Our School Activity Collection assembles various activities on the vital topics of WASH, energy conservation, biodiversity and waste management.
Work in progress: Each pin stands for a library document that is specific to a location. We are currently in the process of adding more pins to existing publications in our library. 6 library entries have a pin so far.
UNICEF & WHO (2018)
This updated document presents recommended core questions to support harmonised monitoring of WASH in schools as part of the SDGs. The questions map to harmonised indicator definitions of “basic” service and to service ladders that can be used to monitor progress. They are intended for use in national or sub-national facility surveys and census questionnaires.
If national and sub-national …
WHO & UNICEF (2016)
Through expert consultations, the JMP has developed core questions for monitoring water, sanitation and hygiene at home, schools and health centres. The document contains core and expanded indicators related and specific to MHM and infrastructure in schools.
Abraham, B., Monse, B., Schlenk, J. & Wendland, C. (2018)
The scope and focus document of SuSanA Working Group (WG) 7 Sustainable WASH in Institutions and Gender Equality (Leave No One Behind – in communities, schools and other institutions)
WG 7 has two goals:
a. To strengthen water, sanitation, and hygiene (WASH) in schools and other institutions within community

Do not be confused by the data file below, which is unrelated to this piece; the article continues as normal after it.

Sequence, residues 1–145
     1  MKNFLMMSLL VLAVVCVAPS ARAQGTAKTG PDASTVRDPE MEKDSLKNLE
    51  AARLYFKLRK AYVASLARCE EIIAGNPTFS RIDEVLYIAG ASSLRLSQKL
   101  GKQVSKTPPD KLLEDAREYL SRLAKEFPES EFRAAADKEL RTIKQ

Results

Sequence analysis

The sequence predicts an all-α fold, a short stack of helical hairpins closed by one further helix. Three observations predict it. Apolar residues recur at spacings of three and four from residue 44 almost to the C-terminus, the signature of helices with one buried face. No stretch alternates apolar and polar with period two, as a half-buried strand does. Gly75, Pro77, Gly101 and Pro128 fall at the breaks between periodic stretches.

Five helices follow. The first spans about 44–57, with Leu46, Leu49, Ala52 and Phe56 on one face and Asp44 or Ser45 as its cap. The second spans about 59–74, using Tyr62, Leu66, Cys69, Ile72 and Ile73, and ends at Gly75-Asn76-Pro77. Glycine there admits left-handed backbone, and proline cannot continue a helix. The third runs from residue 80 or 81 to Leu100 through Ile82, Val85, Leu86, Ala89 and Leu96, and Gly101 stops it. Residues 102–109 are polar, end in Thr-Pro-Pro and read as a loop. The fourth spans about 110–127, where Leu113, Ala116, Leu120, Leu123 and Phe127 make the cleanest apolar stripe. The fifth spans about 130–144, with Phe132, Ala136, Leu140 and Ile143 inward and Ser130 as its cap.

structures. To learn more about the work of WG 7 in the field of WASH in schools, …
Fit For School (2017)
Addressing gender inequality and disability rights is critical to a rights-based approach to water, sanitation and hygiene (WASH) programming. Rights-based WASH should reflect all human rights principles, including ‘equality
and non-discrimination’, and ‘participation and inclusion’. Approaching WASH with an inclusive lens is essential for achieving universal acces.
This paper centres …
Wendland, C., Yadav M., Stock, A. and Seager, J. (2017)
Women and girls are especially affected by inadequate sanitation because of gender related differences - cultural and social factors - but also because of sex-related differences - physiological factors. Gender refers to the social differences and relations between men and women which are learned and often constructed and which differ in various societies and can change over time.
There are …
Grant M., Huggett C., Willetts J. & Wilbur J. (2017)
Sustainable Development Goal 6 (Goal 6) to ‘ensure availability and sustainable management of water and sanitation for all’ requires explicit attention to gender equality and inclusion. Universal access to safely managed water, sanitation and hygiene (WASH) and appropriate management of water resources will only be achieved if the rights of women and marginalised people are fulfilled. The …
Van de Lande, L. (2015)
This document UN-Water provides a summary on discrimination and inequality in the field of water and sanitation: it explains the concept of discrimination, details the human rights in regarding equity in the WASH sector and presents the course of action towards the elimination of discrimination and inequality.